For the first part of this series, please click here.
Last week I ended with saying that once you become conscious of how the process of adaptation works, you can face future changes with greater confidence and swiftness. Unfortunately, without our awareness, our brains are structured to work against doing this well and painlessly. The brain is an amazing organ, with incredible social, emotional, conceptual, and linguistic abilities. It can learn from experiences and grow new cells and pathways until you draw your last breath. Neuroscientists are just beginning to understand a fraction of what it can do and how. But not all of what it does is helpful when it comes to responding well to change. Two things in particular stand out.
First, the brain has a tremendous tendency to habituate, meaning to do the same thing over and
Over; this is great when you don’t want to have to think about how to brush your teeth. But not so good when you need to think creatively about how to cope with a situation you’ve never been in before. That’s why we so often tend to keep doing what we’ve already done—whether we get good results or not—and are so slow to give some behaviour up.
To add to the problem, part of its habituation is to look for patterns, to match current experience with the past—oh, this is just like that thing that happened before. The average brain generalises from an example of one, which any good scientist would tell you is not a big enough data pool from which to be drawing useful conclusions.
There’s an adaptive reason for this habituation. The brain is always on and consumes a disproportionate part of the body’s energy. It’s only 3% of the body’s weight, yet uses around 20% of its oxygen and glucose. It takes less work to be on automatic pilot, so it makes sense from an efficiency standpoint.
When the environment is stable, this autopilot serves us well. But during change, we have to fight against our brain’s tendency to look at the situation and see the same old thing. When it’s actually encountering something new, the patterns just aren’t there to fall back on. We don’t know what the stock market is going to do, for instance, despite all the past ups and downs, because we’re in a situation that has never occurred before.
The other thing to understand about the brain is that we share many of its structures with all mammals (and even reptiles) and therefore it’s hardwired to act in ways that were useful when we were being chased by animals in the wilderness, but are not well suited to the complex challenges we face today. This part of our brains, called the amygdala, is constantly scanning for danger but gives you inaccurate information, sounding the alarm unnecessarily. It is looking for situations that might be painful or dangerous, and if it perceives the change in that light, it sends you into the fight or flight response, which is its reaction to fear. That has us railing against change (fighting), getting stuck in denial or avoidance (flee) or becoming paralyzed (freeze). These may have been good choices back when we were running from tigers, but none are useful responses to today’s challenges. Fear shrinks our world and limits our brain’s ability to think creatively about our choices. It also causes us to isolate from others who could potentially help, and to over generalize from this one situation and feel that the sky is falling.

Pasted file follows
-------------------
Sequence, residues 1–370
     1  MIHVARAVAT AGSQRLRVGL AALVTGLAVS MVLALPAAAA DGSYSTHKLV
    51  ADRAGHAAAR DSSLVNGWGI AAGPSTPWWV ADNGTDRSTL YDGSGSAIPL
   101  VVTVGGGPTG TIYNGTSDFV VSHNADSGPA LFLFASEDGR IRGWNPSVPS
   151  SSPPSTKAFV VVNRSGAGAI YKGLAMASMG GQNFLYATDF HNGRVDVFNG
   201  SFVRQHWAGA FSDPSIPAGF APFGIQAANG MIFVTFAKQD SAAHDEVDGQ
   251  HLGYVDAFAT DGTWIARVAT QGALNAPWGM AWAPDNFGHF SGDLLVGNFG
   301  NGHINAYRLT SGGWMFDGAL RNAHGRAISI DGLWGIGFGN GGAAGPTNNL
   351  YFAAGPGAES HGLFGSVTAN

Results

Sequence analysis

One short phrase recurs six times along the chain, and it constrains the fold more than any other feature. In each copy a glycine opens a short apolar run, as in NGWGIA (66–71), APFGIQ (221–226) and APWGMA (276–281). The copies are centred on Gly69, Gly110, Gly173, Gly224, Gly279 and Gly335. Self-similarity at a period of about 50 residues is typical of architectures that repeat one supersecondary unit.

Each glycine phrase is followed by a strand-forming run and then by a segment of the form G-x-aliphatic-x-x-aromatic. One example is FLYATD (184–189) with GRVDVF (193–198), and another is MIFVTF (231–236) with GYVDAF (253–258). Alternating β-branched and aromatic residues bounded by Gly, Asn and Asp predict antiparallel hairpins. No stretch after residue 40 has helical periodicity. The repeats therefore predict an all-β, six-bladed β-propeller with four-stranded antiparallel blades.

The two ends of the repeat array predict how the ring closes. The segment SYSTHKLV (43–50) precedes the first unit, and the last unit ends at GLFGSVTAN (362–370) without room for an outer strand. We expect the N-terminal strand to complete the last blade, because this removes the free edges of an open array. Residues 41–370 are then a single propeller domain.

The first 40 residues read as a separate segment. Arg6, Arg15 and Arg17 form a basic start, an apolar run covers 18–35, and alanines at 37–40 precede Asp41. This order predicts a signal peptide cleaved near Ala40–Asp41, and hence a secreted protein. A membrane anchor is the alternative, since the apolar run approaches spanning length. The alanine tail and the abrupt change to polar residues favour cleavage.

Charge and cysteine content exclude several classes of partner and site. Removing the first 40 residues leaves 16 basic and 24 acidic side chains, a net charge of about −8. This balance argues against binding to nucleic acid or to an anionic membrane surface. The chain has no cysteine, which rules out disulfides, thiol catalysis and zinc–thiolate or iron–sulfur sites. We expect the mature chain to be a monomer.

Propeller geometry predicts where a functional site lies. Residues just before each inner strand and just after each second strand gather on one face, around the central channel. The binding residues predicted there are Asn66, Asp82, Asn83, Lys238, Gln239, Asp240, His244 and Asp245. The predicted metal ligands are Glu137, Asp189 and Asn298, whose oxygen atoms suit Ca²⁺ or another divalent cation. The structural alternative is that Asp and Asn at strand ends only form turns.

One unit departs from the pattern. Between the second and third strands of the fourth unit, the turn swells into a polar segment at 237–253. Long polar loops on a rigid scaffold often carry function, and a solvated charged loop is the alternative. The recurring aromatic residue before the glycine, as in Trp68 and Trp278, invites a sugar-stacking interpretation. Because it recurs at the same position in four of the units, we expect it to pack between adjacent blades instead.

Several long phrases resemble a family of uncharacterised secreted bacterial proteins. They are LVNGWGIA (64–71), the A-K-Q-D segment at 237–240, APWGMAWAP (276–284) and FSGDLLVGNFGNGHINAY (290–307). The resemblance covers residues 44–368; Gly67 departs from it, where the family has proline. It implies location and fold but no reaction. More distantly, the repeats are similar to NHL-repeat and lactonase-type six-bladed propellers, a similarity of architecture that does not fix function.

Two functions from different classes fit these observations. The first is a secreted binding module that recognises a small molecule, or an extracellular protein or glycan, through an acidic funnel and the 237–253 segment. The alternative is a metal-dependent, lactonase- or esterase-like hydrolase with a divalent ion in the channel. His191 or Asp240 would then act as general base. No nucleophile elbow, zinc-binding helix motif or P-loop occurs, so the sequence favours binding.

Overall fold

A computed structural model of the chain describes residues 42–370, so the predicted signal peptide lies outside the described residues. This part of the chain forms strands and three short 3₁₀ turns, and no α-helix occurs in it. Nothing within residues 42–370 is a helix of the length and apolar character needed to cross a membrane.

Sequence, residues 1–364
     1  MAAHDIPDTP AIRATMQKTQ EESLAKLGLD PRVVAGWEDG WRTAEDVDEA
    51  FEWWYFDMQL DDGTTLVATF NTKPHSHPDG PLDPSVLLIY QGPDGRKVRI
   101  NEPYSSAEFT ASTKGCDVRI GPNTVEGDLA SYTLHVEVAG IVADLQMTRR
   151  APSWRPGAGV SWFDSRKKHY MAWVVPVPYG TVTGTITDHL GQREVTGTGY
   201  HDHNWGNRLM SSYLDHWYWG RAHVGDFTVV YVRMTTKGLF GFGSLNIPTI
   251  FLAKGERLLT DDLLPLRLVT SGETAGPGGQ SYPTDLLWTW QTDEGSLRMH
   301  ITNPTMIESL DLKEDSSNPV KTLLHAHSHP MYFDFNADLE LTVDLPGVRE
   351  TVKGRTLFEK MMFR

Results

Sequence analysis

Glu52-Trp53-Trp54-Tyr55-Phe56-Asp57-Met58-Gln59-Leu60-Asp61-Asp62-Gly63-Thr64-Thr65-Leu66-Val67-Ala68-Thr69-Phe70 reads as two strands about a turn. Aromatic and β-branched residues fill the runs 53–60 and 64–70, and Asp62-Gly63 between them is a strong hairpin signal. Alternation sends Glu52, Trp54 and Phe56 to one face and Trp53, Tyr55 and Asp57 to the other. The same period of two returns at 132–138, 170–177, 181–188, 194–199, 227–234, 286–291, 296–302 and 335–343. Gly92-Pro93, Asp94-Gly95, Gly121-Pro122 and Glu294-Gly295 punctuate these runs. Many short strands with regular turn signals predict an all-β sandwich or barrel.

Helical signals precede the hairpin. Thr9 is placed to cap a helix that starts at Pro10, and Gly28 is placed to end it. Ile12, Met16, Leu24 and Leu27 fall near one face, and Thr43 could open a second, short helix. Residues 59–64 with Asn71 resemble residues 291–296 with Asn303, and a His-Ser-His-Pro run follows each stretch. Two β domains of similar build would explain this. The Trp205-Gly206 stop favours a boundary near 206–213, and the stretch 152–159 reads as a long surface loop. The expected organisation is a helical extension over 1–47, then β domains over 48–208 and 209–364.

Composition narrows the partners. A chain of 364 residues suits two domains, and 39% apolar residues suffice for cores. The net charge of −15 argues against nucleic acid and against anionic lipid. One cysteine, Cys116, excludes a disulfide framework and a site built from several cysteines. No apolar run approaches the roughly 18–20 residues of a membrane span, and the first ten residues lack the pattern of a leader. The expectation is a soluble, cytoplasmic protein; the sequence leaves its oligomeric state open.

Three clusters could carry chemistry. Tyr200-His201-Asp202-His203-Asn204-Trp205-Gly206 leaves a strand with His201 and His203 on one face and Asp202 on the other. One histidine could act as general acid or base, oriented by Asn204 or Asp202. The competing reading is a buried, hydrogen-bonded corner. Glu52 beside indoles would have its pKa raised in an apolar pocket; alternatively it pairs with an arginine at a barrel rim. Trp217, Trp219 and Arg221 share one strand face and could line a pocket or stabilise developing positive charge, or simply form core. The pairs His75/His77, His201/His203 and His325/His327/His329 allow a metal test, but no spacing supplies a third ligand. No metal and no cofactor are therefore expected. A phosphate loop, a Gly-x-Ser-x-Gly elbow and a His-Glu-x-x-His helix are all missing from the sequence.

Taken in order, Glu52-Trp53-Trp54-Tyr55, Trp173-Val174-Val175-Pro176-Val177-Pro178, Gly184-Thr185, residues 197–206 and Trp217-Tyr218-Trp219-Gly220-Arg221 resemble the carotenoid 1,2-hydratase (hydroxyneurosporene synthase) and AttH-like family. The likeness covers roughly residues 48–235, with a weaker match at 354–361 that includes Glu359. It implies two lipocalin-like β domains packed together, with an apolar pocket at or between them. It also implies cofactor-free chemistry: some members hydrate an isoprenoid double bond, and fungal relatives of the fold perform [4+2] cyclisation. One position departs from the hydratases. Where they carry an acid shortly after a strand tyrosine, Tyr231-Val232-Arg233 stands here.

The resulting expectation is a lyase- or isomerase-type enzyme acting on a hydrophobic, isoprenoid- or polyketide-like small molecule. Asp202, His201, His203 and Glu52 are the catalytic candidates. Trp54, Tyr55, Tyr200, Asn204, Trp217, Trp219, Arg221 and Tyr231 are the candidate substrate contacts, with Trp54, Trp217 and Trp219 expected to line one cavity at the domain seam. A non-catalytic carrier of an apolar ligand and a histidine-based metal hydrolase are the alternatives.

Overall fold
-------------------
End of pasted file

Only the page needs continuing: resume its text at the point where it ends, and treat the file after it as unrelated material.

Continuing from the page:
Developing the ability to adapt keeps us out of these detrimental habits of the brain and in touch with all our mind’s resources. Below are some of the patterns that plunge us further into the sea of obscurity in an ever changing world:
- Getting stuck in denial.
- Becoming paralyzed by fear and/or shame.
- Spending a lot of time and energy on blame and/or regret.
- Believing there is nothing you can do.
- Focusing on the problem, rather than the solution.
- Using only solutions that have worked in the past to solve new problems.
- Doubting all options.
- Not getting in touch with what gives you meaning and purpose.
- Going it alone.
- Resisting or refusing to learn new things because it takes extra effort.
In a very real way, what is being asked of us now is no more or less than to become consciously aligned with what life has always required on this planet. In 1956, the father of stress research Hans Selye, wrote in his seminal work, The Stress of Life, that “Life is largely a process of adaptation to the circumstances in which we exist. A perennial give and take has been going on between living matter and its inanimate surroundings, between one living being and another, ever since the dawn of life in the prehistoric oceans. The secret of health and happiness lies in successful adjustment to the ever-changing conditions on this globe; the penalties for failure in this great process of adaptation are disease and unhappiness.”
In order to not only merely survive, but to thrive during the greatest period of transformation humans have ever experienced, we are all being called on to stretch mentally, emotionally, and spiritually into the future. It’s my hope that this post offers you both comfort and practical support as you take on this challenge and become a Master of Change.
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